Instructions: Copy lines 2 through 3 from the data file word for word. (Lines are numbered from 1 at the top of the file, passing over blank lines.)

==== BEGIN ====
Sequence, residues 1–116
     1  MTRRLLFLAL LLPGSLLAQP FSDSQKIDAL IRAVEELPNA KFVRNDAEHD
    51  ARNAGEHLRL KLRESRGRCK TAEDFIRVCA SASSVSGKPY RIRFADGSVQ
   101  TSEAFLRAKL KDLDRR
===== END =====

     1  MTRRLLFLAL LLPGSLLAQP FSDSQKIDAL IRAVEELPNA KFVRNDAEHD
    51  ARNAGEHLRL KLRESRGRCK TAEDFIRVCA SASSVSGKPY RIRFADGSVQ